On Saturday afternoon, I looked out from the industrial kitchen at Mendocino Woodlands. The music of Libana echoed through the dining hall while I prepared Spiral Cookies for the evening’s dessert. I felt my cooking as spellcrafting. In kneading the dough, in measuring ingredients, I created a container for my love of these families. Adults and children drifted in and out of the kitchen. “What are you making? Are those for us?” The hearth is the place where we take care of each other, where we all provide.
I was looking out from the center. Through the kitchen window I saw families creating their own quiet time. Some were at the crafts table, wrapping florist wire around sea glass, shells and rocks to create long lines of delicate mobiles and some were creating salt-dough clay figurines. Others gathered by the Dress-Up tree, shapeshifting into Gods and Goddesses of the fairy and animal realm with costumes, face‑paints, and fantasy accessories. Mundane clothes were hung on trees like shed skins, a visual metaphor for the casting off of our ordinary lives. The T-shirts we silk-screened with images of the goddess, animals and the Witchlets logo peppered the base of a redwood tree, a makeshift altar to our weekend’s intention.
The children took a mini-hike to search for flowers, stones, sticks, and cones to place on the altar. When we found a group of flowers stretching themselves onto the trail, I instructed the children to ask the plant permission before picking it. A chorus of little voices asked “Do you want to come with us, flowers?” The high, squeaking voices of the flowers channeled through the children, responding, “Yes, we do! Pick us! Pick us!”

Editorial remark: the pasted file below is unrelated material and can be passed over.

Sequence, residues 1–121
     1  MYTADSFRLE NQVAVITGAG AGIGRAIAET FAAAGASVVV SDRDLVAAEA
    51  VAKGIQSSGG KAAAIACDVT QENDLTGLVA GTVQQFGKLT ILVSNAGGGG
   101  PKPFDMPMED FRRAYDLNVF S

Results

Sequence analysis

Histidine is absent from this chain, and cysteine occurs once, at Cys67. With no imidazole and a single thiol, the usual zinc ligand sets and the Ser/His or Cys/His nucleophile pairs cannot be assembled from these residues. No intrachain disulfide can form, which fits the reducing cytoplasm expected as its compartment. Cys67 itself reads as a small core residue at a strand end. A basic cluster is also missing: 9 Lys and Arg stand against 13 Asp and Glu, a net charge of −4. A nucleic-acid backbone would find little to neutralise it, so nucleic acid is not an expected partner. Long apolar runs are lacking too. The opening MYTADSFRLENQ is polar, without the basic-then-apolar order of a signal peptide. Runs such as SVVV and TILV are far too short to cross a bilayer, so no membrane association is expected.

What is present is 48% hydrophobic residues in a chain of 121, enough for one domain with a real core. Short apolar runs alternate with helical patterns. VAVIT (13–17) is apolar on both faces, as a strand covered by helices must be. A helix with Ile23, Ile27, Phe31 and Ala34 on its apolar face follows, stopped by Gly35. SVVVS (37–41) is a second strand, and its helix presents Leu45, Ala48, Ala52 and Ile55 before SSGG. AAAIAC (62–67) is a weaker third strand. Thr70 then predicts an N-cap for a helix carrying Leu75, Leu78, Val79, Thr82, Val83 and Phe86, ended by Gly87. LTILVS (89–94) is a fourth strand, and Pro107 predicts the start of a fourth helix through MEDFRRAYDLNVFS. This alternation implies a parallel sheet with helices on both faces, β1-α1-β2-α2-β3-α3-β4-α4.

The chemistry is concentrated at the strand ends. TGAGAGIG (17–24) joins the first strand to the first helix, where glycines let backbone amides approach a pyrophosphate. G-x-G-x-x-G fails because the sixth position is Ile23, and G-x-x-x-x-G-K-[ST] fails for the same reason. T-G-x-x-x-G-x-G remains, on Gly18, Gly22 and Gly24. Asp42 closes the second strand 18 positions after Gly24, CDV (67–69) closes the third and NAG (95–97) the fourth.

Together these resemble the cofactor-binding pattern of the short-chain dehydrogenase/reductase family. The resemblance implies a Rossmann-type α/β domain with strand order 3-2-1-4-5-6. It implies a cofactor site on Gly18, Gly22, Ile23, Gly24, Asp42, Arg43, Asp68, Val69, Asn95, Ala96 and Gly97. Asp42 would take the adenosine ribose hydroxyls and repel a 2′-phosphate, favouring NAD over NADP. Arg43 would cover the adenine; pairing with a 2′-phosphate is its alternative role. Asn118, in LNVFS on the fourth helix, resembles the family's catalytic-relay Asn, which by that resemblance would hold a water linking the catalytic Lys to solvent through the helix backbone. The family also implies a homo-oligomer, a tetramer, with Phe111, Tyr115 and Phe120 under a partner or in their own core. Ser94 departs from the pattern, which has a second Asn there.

The Mendocino Woodlands staff led the group on a Night Awareness Walk. Campers learned to walk like animals, knees held high and contacting the ground with their pinky toes first and rolling the feet in and down from the front to walk silently through the night forest. We learned how to cup our hands over our ears to create “deer ears” that would hear noises from far away and we chomped on Wint-o-green lifesavers with our mouths open, creating sparks in the dark!